Sunscreens can have a chemical or physical filter or a mixture of the two, there are formulations in cream, ointment, lotion, gel and spray and must be used both in the summer and in the winter months if you go to the snow.
Chemical filters (padimate O, homosalate, octyl methoxycinnamate, benzophenone, octyl salicylate, phenylbenzimidazole, sulfonic acid, ecamsule, octocrylene, anthranilates) absorb the sun’s rays so they cannot reach the lower layers of the skin and cause damage, the physical filters (titanium dioxide and zinc oxide) create a thin membrane on the skin that reflects the sun’s rays. Some chemical filters provide protection against the sun’s UVB rays, while others provide protection against both UVB and UVA rays. Physical sunscreens protect against both UVA and UVB rays. A physical filter is often colored, such as zinc oxide which is white. A sunscreen that protects against ultraviolet rays, both type B (UVB) and type A (UVA), offers the best protection, these creams are called broad-spectrum sunscreens. People who have an allergy to sunscreen ingredients should choose a cream with a physical filter.
The first effective sunscreen cream was produced by the chemist Baltzer in 1938 (Gletscher cream) which later became the basis for Piz Buin’s creams, but the first sunscreen boom came after the First World War when Coppertone bought the rights for a substance called Red Vet Pet that was used by the American military during World War II. Conventionally, the method of measuring the protection of sunscreens is the SPF. The sun protection factor (SPF) measures the strength of the sun filter. The SPF suitable for each person depends on the skin phototype. This index tells us how long we can stay in the sun without getting UVB burns. This index makes no reference to UVA. Most of us are able to protect ourselves with an SPF of 15, but high SPFs such as 50+ are recommended for light phototypes and for children. A cream with SPF 15 absorbs 92% of UVB radiation and a cream with SPF 40 absorbs 97.5%. There is a calculation that can be done to understand how long we are protected from sunburn and that is to multiply the protection factor of the cream by the minutes needed to burn the skin without applying the cream (for example if there are 30 minutes necessary is multiplied by SPF15 and it turns out that we can be exposed for about 7.5 hours without burning). This calculation is not always true since the effectiveness of the cream lasts about 90 minutes and also depends on the time of exposure.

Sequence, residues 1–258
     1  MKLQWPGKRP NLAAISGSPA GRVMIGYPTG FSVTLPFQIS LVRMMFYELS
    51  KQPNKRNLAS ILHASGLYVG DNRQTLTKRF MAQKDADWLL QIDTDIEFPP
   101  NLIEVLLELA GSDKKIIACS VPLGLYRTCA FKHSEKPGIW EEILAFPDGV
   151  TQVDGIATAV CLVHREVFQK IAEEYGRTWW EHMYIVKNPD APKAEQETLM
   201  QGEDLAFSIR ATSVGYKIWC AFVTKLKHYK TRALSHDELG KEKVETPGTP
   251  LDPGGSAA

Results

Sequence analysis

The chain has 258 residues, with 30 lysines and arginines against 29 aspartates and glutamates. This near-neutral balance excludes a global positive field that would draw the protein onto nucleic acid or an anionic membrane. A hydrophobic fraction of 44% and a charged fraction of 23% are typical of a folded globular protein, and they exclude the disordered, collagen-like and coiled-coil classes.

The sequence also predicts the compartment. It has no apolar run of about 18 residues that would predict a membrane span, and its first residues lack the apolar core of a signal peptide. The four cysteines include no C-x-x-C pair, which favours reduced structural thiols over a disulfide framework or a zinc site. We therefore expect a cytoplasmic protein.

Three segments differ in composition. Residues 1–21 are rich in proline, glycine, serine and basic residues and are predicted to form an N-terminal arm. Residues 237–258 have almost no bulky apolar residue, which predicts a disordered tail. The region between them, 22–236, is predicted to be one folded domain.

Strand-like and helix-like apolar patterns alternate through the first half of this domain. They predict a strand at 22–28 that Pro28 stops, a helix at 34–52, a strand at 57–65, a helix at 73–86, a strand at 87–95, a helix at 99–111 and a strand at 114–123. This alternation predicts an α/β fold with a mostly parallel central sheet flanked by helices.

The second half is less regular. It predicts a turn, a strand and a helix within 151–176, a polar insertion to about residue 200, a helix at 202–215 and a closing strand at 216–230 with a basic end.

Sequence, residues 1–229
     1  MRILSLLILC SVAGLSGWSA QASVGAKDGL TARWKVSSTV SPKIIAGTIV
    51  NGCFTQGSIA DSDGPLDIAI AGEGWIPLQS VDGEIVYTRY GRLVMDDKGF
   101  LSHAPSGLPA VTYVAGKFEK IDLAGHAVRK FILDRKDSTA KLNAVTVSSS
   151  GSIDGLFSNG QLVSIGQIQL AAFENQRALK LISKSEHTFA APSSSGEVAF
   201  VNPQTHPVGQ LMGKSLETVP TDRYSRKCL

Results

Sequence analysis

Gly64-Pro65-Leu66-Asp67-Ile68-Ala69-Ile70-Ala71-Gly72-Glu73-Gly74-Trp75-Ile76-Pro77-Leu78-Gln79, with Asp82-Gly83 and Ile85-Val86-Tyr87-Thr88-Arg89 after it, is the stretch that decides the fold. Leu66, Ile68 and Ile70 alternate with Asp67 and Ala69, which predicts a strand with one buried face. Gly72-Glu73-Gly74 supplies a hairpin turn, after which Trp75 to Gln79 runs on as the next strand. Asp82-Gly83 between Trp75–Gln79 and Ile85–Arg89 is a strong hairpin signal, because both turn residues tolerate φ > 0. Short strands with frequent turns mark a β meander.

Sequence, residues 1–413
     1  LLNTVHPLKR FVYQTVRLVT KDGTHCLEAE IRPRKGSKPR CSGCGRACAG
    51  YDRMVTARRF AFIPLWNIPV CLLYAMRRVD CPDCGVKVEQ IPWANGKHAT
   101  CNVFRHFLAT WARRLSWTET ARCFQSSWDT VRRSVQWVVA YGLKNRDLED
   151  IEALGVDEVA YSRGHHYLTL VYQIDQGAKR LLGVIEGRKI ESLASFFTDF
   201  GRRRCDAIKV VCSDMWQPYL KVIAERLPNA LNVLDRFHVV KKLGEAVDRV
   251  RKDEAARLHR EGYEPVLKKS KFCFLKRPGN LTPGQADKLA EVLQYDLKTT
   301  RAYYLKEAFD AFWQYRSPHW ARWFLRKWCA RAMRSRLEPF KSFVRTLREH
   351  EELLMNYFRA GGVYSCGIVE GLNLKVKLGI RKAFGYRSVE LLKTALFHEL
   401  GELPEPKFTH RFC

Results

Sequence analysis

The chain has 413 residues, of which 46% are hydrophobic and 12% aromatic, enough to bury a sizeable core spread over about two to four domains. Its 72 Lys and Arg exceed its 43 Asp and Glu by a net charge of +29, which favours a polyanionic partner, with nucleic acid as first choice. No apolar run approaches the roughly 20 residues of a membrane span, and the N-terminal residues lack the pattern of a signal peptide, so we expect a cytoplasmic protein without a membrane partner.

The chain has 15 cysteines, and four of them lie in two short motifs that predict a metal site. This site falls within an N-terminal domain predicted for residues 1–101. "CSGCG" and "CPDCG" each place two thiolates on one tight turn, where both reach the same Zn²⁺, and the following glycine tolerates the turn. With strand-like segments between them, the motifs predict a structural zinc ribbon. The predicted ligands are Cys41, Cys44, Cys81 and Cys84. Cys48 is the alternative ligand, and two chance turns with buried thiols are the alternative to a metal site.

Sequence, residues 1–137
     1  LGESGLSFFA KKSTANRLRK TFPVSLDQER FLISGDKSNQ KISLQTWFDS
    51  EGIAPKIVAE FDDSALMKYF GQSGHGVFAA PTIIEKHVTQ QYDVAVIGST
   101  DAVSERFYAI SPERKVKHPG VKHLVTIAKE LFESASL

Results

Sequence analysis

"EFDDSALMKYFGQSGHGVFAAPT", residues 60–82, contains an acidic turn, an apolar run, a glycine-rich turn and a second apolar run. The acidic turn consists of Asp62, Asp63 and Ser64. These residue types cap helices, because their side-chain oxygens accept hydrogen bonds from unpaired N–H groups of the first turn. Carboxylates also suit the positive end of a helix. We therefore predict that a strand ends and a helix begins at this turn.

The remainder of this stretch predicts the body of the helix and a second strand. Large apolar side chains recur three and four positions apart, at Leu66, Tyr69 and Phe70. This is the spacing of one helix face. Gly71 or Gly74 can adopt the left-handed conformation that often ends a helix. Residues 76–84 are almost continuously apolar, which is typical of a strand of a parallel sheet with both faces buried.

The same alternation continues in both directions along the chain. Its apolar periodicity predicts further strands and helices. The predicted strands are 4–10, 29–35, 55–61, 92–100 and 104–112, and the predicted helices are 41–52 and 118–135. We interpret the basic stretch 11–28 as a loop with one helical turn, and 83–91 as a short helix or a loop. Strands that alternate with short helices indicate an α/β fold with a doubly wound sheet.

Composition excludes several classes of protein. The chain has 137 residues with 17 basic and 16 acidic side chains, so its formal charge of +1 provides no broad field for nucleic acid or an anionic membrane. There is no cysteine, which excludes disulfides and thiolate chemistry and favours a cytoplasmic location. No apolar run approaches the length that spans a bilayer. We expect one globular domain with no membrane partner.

Even the highest SPF broad-spectrum sunscreen cannot fully protect against UVA and UVB rays. That’s why people should cover up and stay in the shade during the hottest part of the day. A good tip is to avoid going in direct sunlight when the shade is shorter than you are. If you go swimming, make sure that your sunscreen is water-repellent and waterproof. A waterproof sunscreen can withstand 20 minutes of swimming without being washed off. These figures only apply if you let yourself dry and don’t use a towel. It is therefore always a good idea to spread a layer of cream after going to the bath. It’s a good idea to use a stick applicator with a higher SPF for particularly exposed areas of the body such as the nose, lips and earlobes. Apply cream thick and thick as many people only use a third of the amount of cream they need to achieve SPF, this means they are much less protected than they think. Creams should be purchased annually and creams from the previous year should not be used especially if opened.